Life Insurance Lawyer New York
When people buy life insurance, they look at it as a safety net for their family members. We all hope for the best, but in the event of death, a life insurance payout helps to ensure that loved ones are taken care of, or, at least, not suffer financial on top of emotional hardship.
But when an insurance company sells a person a policy, they look at it differently. Usually, insurers have a system called an actuarial table that virtually guarantees they will win out over all their policyholders. The system does work, if you look at the record profits posted by major insurance companies in recent years. Not surprisingly, insurance companies want to deny every claim they can, including yours.
Has your valid policy been denied by the insurer? Has your payment been delayed? Unfortunately, this happens to many people throughout the state. When a loved one passes away, as a beneficiary, you may be left to deal with a cold and impersonal company that does any and everything possible to avoid paying your claim. You could then be left high and dry to pay for medical and funeral expenses, not to mention left facing a bleak financial future.
Our top life insurance attorneys live and work in New York and are dedicated to helping people recover the money to which they are entitled. We understand that losing a loved one is an extremely difficult and emotionally trying experience, and the last thing you want to worry about is money. That is why our attorneys will fight to protect your rights and ensure the company upholds its agreement.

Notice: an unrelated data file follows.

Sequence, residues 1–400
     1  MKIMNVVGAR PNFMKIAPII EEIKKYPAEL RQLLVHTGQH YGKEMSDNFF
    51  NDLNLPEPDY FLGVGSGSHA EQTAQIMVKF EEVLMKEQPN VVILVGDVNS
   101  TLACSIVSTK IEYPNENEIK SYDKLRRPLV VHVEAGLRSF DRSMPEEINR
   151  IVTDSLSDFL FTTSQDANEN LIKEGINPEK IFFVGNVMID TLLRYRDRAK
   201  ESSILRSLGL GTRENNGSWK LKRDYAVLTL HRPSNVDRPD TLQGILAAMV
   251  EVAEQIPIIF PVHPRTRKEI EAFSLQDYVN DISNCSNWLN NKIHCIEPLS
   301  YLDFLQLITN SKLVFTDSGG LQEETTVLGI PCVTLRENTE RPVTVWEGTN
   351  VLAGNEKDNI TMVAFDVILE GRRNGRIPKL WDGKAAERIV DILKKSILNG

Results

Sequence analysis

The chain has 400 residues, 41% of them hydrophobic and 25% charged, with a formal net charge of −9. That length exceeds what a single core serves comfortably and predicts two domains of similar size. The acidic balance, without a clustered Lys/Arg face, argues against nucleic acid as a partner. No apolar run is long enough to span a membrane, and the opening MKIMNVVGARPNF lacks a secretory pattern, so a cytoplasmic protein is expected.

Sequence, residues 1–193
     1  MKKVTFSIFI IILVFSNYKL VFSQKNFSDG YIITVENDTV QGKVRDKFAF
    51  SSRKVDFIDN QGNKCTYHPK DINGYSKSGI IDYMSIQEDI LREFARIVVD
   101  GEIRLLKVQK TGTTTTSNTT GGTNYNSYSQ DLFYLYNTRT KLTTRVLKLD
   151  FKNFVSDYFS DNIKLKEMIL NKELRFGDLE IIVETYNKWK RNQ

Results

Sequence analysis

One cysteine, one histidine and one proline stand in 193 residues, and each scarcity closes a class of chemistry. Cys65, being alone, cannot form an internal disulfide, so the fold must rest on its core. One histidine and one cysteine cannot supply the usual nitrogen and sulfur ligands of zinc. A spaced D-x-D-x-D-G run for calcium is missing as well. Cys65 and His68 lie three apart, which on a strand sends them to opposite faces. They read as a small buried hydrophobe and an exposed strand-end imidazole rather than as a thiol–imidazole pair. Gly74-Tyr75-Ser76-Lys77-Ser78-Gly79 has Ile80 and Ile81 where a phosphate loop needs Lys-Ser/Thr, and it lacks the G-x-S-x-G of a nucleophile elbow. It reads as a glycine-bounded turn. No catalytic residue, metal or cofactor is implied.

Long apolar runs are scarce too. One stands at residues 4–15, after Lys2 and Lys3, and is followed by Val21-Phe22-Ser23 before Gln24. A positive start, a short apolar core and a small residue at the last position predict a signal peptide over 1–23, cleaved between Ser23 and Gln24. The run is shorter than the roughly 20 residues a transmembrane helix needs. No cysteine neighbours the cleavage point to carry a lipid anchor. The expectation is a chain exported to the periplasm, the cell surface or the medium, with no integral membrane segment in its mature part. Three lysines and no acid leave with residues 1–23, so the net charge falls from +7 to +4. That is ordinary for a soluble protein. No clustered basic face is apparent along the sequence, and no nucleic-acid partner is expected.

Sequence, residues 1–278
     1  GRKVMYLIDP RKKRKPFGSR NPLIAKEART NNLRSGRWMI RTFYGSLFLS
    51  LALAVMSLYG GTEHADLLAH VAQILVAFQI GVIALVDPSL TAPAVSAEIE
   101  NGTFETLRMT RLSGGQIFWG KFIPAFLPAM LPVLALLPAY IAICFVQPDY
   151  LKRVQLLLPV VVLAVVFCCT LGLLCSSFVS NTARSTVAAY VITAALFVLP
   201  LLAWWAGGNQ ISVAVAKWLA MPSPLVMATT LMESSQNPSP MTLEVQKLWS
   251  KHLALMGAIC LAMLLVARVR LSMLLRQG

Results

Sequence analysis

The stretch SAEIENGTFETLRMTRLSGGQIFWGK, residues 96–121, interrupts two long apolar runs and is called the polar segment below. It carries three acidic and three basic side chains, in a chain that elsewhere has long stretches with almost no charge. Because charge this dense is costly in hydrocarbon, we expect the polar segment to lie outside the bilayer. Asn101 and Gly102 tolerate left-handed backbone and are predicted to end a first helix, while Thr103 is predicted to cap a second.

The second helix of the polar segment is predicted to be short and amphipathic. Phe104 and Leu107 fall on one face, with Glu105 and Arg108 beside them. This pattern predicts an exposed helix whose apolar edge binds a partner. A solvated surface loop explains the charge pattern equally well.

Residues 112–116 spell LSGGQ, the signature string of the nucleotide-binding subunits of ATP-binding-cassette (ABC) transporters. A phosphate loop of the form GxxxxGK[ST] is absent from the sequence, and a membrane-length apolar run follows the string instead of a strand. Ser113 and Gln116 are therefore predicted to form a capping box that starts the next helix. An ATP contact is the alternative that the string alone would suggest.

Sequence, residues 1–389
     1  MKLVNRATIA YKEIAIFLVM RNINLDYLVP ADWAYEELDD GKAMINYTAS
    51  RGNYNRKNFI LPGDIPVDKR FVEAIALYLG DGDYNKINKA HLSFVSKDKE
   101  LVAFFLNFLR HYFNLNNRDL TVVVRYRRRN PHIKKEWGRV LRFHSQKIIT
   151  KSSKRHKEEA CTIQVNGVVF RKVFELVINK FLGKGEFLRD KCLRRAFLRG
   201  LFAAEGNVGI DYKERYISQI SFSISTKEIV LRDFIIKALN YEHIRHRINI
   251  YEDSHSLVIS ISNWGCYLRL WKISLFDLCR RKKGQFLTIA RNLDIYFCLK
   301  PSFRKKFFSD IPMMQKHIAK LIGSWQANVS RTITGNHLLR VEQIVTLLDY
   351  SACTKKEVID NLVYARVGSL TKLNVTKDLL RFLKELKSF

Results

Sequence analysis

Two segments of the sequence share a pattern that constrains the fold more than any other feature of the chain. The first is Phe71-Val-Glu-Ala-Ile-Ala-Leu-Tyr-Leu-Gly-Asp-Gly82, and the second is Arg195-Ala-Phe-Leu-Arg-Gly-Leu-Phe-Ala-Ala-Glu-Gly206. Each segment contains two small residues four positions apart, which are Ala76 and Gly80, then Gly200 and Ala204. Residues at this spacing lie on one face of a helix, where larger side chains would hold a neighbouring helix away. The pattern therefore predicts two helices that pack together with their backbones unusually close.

Despite being regulated by the New York Department of Insurance, these companies frequently try to avoid paying out on policies. After all, these companies make more money when they collect premiums than when they pay out claims. Therefore, some companies may look for any reason to retroactively cancel your policy or deny payment for your claim. By working with our highly experienced lawyers, you have the best chance to get the payment you deserve. Our firm recovers the full policy amount the majority of the time.
New York Life Insurance Claim Denial
One of the most common tactics life insurance companies use to deny a claim is accusing the insured of making a material misrepresentation on the application for the policy. This is virtually always done if your loved one passes away during what is called the contestability period, or the length of time during which a life insurance company is supposedly reviewing your application to decide if they want to cover you. Often they will claim your loved one misrepresented his or her medical history, health, age, alcohol of tobacco use, occupation, employment history, income, risky hobbies, ownership of other life insurance policies and other information.
They can claim that these representations cancel out the policy, even if they had nothing to do with the cause of death. Thus, they may claim that your policy is invalid because your loved one forgot to declare that they enjoyed heli-skiing, even if your loved one dies in a motor vehicle accident.
In these cases, the material misrepresentation is debatable, and an experienced New York life insurance attorney can make sure the policy is honored even in the face of such claims by the insurance company.
Under New York law, an insurance policy is considered void ab initio (from the beginning) if the insured made misrepresentations to the insurance company that were material to the of the policy. A misrepresentation is defined by statute as a false statement as to past or present fact, made to the insurer at or before the making of the insurance contract as an inducement to the making thereof. The failure to disclose is as much a misrepresentation as a false affirmative statement, and misrepresentations are considered material if the insurer can show that the misrepresentation induced it to accept an application that it might otherwise have refused. It is the applicant's duty to disclose all facts bearing on or pertaining to the insurability of his life, and even innocent misrepresentations, if material, are sufficient to void a contract of life insurance. Furthermore, an insured's assertion that he or she did not understand the meaning of the question is insufficient to excuse the insured's misrepresentations to an insurance company.[i]